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I was asked by my supervisor to replicate a result from a former graduate student. My supervisor believes the result of that paper is not accurate and he asked me to find out why! The paper was about conducting a random forest classifier to classify some sort of diseases. I was reading through the simulation process, and I realize that the training set and the test test were generated separately (the same set of parameters were used in the simulations). In other word, the training was simulated first, then another simulation was carried on to generate the test set. My understanding for training and test set is to simulate one data set then use the same data for training and test set.

My question, is it correct to simulate the training and test set separately? Does it affect the accuracy of the classifier? any reference will be truly helpful.

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In general, generating independently training and test sets is a legitimate option. The crucial aspect is that both the generating processes are equal. You can check this looking at this example from the author of the caret R package and the Applied Predictive Modeling book. However, it is something that can be easily proven with simulations. In what follows, both generating independently training and testing data or splitting the same data in training and testing subsets give the same results. The glm has a median accuracy of 92%.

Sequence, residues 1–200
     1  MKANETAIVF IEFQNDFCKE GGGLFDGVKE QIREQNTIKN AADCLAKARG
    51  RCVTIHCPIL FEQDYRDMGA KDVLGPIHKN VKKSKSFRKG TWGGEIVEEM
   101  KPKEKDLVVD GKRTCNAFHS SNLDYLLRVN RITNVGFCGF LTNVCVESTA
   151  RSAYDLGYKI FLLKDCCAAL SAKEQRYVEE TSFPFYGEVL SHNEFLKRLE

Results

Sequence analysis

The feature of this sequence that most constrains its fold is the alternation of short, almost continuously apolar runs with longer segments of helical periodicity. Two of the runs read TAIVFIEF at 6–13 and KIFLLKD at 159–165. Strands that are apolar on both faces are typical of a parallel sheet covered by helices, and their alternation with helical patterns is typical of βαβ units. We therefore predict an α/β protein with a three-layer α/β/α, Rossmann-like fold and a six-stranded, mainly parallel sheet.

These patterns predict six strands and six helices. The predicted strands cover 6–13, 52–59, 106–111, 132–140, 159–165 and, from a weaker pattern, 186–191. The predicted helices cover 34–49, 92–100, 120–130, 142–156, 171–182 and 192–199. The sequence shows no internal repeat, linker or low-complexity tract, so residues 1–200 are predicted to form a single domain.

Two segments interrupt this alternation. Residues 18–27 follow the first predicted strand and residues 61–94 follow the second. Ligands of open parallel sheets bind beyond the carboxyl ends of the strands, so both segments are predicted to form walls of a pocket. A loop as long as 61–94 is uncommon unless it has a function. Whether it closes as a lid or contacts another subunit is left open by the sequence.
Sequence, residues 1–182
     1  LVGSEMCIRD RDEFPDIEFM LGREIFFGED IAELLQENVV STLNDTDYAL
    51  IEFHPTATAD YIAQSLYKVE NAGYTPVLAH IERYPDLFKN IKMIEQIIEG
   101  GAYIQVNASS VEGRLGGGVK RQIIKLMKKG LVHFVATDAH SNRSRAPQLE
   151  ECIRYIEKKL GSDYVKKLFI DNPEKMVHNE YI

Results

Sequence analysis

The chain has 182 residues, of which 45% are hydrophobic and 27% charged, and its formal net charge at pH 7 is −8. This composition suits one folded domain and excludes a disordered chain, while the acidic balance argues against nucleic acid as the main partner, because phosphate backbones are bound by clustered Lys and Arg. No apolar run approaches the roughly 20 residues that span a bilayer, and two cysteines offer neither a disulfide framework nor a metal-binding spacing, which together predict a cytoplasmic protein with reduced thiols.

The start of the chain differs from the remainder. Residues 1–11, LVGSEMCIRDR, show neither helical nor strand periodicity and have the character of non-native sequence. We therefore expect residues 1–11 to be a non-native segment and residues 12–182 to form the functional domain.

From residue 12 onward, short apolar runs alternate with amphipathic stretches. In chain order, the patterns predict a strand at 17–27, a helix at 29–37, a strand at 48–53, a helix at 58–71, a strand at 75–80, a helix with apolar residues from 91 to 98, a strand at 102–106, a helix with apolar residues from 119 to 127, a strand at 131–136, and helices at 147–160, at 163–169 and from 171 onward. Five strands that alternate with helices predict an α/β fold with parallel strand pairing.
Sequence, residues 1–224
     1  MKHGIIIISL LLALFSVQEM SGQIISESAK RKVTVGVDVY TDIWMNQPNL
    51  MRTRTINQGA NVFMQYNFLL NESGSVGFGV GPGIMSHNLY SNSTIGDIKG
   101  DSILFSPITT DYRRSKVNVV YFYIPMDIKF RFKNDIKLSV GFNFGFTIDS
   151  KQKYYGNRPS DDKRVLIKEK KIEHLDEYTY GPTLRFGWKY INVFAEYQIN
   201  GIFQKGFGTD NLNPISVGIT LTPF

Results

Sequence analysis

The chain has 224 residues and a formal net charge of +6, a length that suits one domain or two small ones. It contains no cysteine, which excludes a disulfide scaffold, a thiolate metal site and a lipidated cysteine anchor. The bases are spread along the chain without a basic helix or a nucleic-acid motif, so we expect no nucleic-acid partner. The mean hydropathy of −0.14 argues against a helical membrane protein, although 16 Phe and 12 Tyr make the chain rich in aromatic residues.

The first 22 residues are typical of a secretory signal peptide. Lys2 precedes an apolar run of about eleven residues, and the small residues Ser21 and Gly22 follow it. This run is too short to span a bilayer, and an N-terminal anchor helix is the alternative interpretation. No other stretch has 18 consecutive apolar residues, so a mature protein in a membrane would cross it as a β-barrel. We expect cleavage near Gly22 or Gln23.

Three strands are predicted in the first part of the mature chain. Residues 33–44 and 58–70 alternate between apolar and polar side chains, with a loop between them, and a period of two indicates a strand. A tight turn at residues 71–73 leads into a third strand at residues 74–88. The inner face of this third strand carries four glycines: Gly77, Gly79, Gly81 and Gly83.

# simulations with training and test data generating at the same time
n <- 100
accuracy <- vector("numeric")
for (i in 1:1000){
  #create data
  x <- rnorm(n)           # generate X
  z <- 1 + 4*x + rnorm(n) # linear combination with error
  pr <- 1/(1+exp(-z))     # inv-logit function
  y <- pr > 0.5           # 1 (True) if probability > 0.5
  df <-  data.frame(y = y, x = x) 
  train <- sample(x = 1:n, size=n%/%2, replace = F) # sampling training data units
  glm.fit <- glm(y ~ x, data = df[train,]) # fit on the training data
  predicted <- predict.glm(glm.fit, newdata = df[-train,]) # predict on the other data units
  accuracy=c(accuracy, sum(diag(table(predicted>0.5, df[-train,]$y)))/(n%/%2)) # collect accuracy
}
quantile(accuracy, probs = c(0.025, 0.5, 0.975)) # glm accuracy

# simulations with training and test data generating independently
n <- 100 # dataset size
accuracy <- vector("numeric")
for (i in 1:1000){
  #create data
  x <- rnorm(n%/%2)           # generate X
  z <- 1 + 4*x + rnorm(n%/%2) # linear combination with error
  pr <- 1/(1+exp(-z))         # inv-logit function
  y <- pr > 0.5               # 1 (True) if probability > 0.5
  df.train <-  data.frame(y = y, x = x)
  glm.fit <- glm(y ~ x, data = df.train) # fit on the training data
  # generating independent test data
  x <- rnorm(n%/%2)
  z <- 1 + 4*x + rnorm(n%/%2) # linear combination with error
  pr <- 1/(1+exp(-z))         # inv-logit function
  y <- pr > 0.5               # 1 (True) if probability > 0.5
  df.test <-  data.frame(y = y, x = x)
  predicted <- predict.glm(glm.fit, newdata = df.test) # predict on the test data
  accuracy=c(accuracy, sum(diag(table(predicted>0.5, df.test$y)))/(n%/%2)) # collect accuracy
}
quantile(accuracy, probs = c(0.025, 0.5, 0.975)) # glm accuracy
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  • $\begingroup$ Thank you! It is helpful. I still do not see why or how it is possible looking from stochastic errors prospective. I am still looking for more clarification. $\endgroup$ Nov 22 '18 at 16:06

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